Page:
The Nation -- Politico reports that consumer crusader and former presidential contender Ralph Nader has expressed "strong support" for John Edwards.
Nader has been edging toward this "endorsement" in the last couple of weeks. In an appearance on "Hardball," in mid-December, he said Edwards "now has the most progressive message across a broad spectrum of corporate power damaging the interests of workers, consumers, taxpayers, of any candidate I have--leading candidate I have seen in years." He went on to explain that "the key phrase is when he [Edwards] says he doesn't want to replace a corporate Republican with a corporate Democrat." Nader told Politico, " it's the only time I've heard a Democrat talk that way in a long time." For Ralph Nader--and take my word for it, please--that is rare praise for a leading Democratic politician.
In throwing his support to Edwards, Nader was scathing in his criticism of Hillary Clinton--calling her a "corporate Democrat ...[ who ] ... has not led the way against the avalanche of military contracting, corporate crime, fraud and abuse."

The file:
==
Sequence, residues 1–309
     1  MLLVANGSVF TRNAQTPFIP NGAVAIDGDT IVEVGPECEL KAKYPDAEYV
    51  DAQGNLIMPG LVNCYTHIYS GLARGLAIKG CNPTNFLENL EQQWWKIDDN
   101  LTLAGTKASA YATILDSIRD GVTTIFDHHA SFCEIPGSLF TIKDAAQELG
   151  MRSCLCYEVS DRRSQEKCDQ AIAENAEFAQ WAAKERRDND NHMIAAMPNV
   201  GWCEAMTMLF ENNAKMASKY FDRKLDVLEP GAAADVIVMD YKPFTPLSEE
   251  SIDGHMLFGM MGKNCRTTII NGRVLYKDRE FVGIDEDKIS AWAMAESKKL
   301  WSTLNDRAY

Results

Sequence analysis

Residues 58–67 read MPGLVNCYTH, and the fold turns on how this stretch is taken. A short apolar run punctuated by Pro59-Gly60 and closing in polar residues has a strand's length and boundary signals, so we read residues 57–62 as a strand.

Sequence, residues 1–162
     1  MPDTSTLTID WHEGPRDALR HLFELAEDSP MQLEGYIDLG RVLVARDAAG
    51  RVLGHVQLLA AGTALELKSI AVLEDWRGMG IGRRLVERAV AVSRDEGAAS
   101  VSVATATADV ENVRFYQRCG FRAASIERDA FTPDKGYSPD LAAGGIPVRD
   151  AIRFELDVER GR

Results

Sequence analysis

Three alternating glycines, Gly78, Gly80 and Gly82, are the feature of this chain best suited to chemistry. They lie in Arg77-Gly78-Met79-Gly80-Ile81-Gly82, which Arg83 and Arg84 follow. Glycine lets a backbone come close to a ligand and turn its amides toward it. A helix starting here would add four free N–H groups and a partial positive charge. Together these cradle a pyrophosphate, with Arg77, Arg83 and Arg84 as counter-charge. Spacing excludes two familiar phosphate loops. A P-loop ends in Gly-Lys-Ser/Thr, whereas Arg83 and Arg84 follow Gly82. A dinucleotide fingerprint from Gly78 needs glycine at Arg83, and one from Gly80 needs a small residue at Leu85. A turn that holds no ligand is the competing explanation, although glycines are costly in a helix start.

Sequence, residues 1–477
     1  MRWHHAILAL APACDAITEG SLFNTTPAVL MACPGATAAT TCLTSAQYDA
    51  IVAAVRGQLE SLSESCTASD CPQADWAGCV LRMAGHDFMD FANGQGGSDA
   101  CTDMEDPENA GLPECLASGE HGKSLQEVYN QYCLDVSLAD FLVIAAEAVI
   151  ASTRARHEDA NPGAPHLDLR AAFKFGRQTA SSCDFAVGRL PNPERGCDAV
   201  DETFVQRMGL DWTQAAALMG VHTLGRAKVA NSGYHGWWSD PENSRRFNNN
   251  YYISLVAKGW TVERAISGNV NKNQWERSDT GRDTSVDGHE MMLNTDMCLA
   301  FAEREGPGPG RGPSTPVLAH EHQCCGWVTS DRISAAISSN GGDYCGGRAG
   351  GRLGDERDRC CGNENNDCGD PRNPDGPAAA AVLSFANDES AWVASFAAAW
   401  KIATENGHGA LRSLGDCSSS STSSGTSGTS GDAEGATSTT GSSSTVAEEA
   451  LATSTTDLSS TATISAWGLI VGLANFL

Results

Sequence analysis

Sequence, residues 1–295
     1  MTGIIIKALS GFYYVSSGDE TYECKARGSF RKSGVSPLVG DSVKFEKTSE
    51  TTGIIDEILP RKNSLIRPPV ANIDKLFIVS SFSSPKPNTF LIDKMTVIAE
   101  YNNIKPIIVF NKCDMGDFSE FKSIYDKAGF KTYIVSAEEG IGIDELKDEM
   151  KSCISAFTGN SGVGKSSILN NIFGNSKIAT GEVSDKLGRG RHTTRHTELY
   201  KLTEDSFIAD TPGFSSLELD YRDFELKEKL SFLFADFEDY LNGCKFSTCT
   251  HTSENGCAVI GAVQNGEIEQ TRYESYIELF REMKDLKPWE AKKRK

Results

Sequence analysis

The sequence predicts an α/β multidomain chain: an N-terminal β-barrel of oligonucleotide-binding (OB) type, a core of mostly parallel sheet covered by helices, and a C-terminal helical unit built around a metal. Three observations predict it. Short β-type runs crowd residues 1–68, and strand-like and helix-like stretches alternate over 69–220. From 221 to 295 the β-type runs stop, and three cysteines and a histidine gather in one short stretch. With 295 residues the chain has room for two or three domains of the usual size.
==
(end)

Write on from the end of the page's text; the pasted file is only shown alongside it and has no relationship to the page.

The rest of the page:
Edwards' passionate populism, which has been dismissed in too many mainstream articles in the past weeks as "angry" or "over the top," is speaking to the reality of the concentration of power and wealth in a few hands--a concentration that is working against the vast majority of Americans. Why is what Edwards is saying "over the top" when 72% of the American people told "Business Week" in 2000--- that corporations have too much control over their lives and jobs.
Will Nader's support encourage progressive Iowans to give him a win in Thursday's caucuses? Hard to know. This is an extraordinarily fluid, tight, ideologically fascinating race in which progressive champion Dennis Kucinich has just urged his supporters to go for Barack Obama in a second round. And there's no question that Nader remains controversial among many progressives who believe that he took enough liberal votes from Gore in 2000 to give Bush the presidency.
Whatever happens to Edwards in Iowa, his full-throated populist message is unlikely to disappear from this race. Clinton and Obama are already sounding populist appeals in their speeches. It's up to progressives to keep the heat on so that taking on corporate power, taking back govenment, empowering workers and disempowering the lobbyists remains a cornerstone of small-d politics in 2008 and beyond.
As Nader says, "Edwards is at least highlighting day after day that the issue is who controls our country: big business or the people?"